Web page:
Kashgar Old Town Youth Hostel

Old Town Youth Hostel entrance

Kashgar Old Town Youth Hostel, Wusitangboyi Road, Kashgar (300 meters from Id Kah Mosque)
Website: http://www.pamirinn.com
Dorm: 35 RMB per person, Private double room: 80-90 RMB per room. All rooms are without bathroom. Common bathrooms are shared but reliable (clean, hot shower, separate toilet).
Facilities: Free WIFI, PC in public area in case you dont bring laptop/tablet – free for 1st hour usage. Free hot water for drinking. Washing machine 10 Yuan per use, iPad rental 15 Yuan per hour. They also provide air and train tickets booking service. Tours to Karakul Lake and other places can be arranged.

The hostel entrance doesn’t look very impressive when we arrive. From outside it looks almost like an abandoned old building, needless to say with a small sand hill right in front of the door makes it even uglier. They’re apparently doing some renovation inside, so yeah.

old Uyghur mansion corridor

I read that this building was once a traditional Uyghur mansion before being turned into a hostel. It has plenty of rooms and bathrooms, renovated in such a way to become some large dorm rooms (with bunk beds) and a few private room with twin beds. None of them are really fancy, but for a price of a hostel, you just get what you pay. At this point of time, there are some travelers staying, but not crowded.

dorm room

Our first night in the hostel was in the dorm room as all private rooms are occupied. But luckily they have been nice enough to arrange us to stay in an empty room so we practically have the whole room by ourselves at that night without sharing with others. Not planning yet for other nights as tomorrow we’ll be heading to Karakul Lake and Tashkurgan for a night or two. We are given clean bed sheet and blanket cover (yes, you have to make the bed on your own!).

deco of wooden door colorful painted glass

Some distinctive feature of an old Uyghur house in Kashgar – nice door deco! The old mirrors were painted in colorful to give a new life to their look.

The hostel also offers tour to Karakul Lake with permit with a little cheaper price than quoted by agent in Eden. Feeling this might has to be our last option, we ask the hostel manager if we can share the tour with other travelers. We passed by a European couple and I promptly asked if they have visited Karakul Lake, and when they said they havent, I asked if they wanted to go with us and share the tour. I was surprised when the girl says “We want to go buy bus”.. and I ask “Do you have permit?”.. “No, we dont need permit”.. “Are you sure?”.. “Yes, there was another traveler who’s been there recently and he didnt need permit”.

They however are planning to go there later next week. So nevermind, we can go by our own by bus too. Now I just have to jump in excitement. WE’RE GOING TO KARAKUL LAKE BY BUS WITHOUT PERMIT!! XD

How could that be? All this time, we have come to believe that we need that bloody permit and were having hard time finding a (cheap) way to get a hand of it, thanks to a number of sources on internet claiming so! Still in a slight doubt, we decide to go to police station nearby to ask for confirmation when we go out walking later.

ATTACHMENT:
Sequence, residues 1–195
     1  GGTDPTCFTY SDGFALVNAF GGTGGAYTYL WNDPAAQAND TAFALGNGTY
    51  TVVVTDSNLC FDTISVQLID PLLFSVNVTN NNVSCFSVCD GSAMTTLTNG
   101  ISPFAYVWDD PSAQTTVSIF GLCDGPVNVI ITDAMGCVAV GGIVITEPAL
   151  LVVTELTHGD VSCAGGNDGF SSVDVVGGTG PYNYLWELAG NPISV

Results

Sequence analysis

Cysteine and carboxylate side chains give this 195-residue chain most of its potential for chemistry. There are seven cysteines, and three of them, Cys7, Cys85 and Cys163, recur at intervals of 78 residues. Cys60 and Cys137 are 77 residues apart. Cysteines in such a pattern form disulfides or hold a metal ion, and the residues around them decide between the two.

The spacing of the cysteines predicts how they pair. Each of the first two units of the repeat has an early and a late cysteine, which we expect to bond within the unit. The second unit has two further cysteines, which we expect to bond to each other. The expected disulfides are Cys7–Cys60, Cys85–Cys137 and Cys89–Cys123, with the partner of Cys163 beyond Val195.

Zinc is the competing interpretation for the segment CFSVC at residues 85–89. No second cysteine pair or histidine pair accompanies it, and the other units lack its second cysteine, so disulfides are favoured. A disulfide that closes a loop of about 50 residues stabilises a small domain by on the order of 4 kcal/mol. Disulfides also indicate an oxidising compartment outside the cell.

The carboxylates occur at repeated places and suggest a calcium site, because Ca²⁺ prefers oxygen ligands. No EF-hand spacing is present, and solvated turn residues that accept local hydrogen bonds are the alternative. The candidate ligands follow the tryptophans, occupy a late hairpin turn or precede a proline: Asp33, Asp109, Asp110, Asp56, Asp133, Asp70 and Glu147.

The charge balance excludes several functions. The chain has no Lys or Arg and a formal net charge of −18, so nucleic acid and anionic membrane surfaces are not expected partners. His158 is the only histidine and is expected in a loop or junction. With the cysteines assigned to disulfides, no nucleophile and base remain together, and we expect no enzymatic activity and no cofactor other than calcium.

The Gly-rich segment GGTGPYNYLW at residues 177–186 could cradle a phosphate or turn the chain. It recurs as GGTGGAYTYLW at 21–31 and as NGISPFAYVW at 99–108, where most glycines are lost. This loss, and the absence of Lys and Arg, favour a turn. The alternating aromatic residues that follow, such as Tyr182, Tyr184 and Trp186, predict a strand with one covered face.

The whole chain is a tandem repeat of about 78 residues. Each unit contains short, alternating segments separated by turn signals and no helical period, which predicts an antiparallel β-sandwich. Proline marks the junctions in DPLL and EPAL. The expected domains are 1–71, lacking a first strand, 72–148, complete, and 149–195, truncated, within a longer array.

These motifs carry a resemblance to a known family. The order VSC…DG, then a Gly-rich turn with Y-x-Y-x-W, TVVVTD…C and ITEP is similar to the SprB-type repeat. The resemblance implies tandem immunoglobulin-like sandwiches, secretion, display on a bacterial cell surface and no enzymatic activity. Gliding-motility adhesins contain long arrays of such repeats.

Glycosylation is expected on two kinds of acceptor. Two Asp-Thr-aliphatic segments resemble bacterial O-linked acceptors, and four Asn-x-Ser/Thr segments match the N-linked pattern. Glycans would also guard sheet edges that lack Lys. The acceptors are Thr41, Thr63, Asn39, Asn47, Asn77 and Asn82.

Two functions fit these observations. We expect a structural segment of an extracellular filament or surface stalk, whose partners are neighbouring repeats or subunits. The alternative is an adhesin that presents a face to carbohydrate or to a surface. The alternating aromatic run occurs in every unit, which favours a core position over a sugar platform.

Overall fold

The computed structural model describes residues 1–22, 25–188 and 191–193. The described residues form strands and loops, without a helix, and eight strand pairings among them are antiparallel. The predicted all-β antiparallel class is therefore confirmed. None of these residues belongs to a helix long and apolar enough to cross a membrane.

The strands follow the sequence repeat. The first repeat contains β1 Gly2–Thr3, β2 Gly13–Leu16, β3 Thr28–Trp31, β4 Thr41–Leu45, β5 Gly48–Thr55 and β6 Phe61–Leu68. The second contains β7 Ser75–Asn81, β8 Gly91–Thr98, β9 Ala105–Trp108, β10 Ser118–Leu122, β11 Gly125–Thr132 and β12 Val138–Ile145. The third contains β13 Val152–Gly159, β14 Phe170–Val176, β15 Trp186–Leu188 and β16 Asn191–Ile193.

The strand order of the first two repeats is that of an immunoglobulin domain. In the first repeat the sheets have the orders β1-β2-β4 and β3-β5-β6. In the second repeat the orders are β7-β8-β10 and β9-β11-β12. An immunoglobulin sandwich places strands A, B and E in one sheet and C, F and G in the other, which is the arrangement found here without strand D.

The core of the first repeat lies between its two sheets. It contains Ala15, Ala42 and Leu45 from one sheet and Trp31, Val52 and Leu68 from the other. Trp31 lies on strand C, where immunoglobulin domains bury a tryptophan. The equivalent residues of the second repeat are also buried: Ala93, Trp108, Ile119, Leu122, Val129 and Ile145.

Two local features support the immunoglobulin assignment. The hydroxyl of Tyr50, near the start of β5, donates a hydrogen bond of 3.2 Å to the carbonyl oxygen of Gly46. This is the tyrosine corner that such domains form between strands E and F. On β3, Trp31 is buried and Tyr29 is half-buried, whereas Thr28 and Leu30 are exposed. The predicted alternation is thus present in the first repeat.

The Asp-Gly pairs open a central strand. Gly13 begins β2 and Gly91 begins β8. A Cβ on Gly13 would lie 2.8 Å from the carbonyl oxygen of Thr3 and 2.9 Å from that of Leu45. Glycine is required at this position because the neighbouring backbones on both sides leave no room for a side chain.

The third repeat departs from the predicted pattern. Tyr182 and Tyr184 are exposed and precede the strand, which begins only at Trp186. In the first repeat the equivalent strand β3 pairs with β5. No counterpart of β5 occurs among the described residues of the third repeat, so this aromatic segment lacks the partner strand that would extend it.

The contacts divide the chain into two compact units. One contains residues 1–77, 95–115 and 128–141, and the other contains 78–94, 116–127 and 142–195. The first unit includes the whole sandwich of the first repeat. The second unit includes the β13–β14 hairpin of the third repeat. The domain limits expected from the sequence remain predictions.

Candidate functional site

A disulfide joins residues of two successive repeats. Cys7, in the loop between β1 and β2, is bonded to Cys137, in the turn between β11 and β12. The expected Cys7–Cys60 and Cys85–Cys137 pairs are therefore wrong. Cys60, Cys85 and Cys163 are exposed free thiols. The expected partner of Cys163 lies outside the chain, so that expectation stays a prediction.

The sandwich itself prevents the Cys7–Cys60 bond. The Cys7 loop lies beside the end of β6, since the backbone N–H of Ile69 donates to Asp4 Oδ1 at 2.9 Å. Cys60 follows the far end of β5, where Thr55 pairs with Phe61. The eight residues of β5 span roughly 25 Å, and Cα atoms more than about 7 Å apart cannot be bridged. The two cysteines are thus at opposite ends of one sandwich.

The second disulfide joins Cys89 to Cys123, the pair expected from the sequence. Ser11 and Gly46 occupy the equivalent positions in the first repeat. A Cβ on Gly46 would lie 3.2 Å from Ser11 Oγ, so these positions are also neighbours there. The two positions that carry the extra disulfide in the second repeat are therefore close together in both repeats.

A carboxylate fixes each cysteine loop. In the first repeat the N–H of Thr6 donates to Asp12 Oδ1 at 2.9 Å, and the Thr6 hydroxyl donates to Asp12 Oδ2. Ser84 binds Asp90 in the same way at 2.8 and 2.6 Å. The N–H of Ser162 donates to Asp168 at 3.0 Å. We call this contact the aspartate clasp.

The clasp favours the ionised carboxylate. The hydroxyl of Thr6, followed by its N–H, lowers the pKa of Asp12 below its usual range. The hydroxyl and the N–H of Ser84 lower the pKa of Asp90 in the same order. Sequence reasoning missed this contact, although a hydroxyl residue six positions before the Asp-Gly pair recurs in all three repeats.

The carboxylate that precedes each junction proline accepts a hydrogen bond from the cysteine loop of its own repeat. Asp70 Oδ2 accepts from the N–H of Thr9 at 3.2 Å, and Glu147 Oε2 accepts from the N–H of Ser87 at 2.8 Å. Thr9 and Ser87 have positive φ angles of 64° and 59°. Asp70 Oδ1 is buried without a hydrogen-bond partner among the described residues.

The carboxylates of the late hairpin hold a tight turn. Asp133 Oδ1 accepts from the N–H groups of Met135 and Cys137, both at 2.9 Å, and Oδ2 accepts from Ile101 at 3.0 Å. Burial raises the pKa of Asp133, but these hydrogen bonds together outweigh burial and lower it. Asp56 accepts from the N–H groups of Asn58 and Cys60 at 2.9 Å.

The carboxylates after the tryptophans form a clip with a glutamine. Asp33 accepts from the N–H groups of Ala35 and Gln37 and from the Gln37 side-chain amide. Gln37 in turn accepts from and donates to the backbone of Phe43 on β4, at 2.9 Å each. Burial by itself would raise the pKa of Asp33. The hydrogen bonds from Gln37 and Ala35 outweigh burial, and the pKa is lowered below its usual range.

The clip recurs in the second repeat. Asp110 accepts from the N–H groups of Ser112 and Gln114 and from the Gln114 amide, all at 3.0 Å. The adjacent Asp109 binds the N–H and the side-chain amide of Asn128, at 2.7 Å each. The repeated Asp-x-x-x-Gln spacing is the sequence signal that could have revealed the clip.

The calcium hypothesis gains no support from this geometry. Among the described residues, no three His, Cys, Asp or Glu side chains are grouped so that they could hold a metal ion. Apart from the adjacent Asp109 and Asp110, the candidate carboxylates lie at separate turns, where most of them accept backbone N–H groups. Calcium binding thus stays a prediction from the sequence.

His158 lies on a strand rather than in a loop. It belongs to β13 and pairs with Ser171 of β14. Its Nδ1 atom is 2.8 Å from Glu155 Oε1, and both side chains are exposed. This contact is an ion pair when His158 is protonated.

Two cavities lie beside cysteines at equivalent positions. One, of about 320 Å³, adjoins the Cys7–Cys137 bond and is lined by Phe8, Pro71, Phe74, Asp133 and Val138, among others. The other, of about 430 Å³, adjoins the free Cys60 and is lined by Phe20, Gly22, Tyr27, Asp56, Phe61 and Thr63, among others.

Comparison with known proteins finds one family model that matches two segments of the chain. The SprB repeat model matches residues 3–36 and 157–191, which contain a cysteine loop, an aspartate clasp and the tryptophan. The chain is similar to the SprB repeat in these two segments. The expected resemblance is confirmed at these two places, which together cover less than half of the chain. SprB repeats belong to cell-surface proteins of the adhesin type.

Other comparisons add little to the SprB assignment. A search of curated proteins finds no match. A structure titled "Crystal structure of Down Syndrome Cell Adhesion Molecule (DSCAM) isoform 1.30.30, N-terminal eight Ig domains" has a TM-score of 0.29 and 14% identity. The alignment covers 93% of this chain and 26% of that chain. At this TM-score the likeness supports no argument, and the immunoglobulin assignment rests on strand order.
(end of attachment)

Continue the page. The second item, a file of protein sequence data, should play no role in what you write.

Common area

Dowstairs, they have this common area with tables for travelers having breakfast, tea, etc together while exchanging chats and travel stories. When entering the main entrance, you probably will see this open area first, most probably with a sight of a few foreign travelers hanging out having a drink or checking their laptops, and probably it’s the first place you’ll greet anyone there and introduce yourselves :)

stairway hot water supply

One of few staircase to upstairs, but this one is connecting from the yard. They’re having renovation in the hostel yard, so it was a little messy at this time with sands and unfixed holes. You’ll be required to walk up the stair as quietly as you can. They also provide hot water which is again useful for us to prepare our Nescafe and Milo. Some canned and bottled drinks are available for sale from a fridge next to it.

management office  private room

When we’re away to Karakul Lake, we’re sllowed to check out the room first, get our big luggage packed and they will keep them safe in the management office which we will collect them later upon returning. After coming back from Karakul Lake, we manage to get the private room for 80 yuan, although it’s even less attractive than dorm room, it’s just good enough for us to sleep in our own room without sharing with others.

Managers of Youth Hostel Kashgar

The Hostel is run by a nice Chinese couple, they’re very helpful when you need anything in Kashgar. When we want to change our train ticket, we just write down a note and ask them to write the Chinese translation for us to show at the railway counter. The self-drawn Kashgar city map given by them has been very helpful (combined with a full Kashgar map we collect in Eden). Everything you need to know will be informed right at the moment you check-in: which bus to go which place, places to see, which roads to follow. Thinking about it again, it’s actually our first experience staying in a hostel and all I can say it’s not that bad! Recommended for budget travelers and if you dont want to get stuck by your own in this non-English speaking city.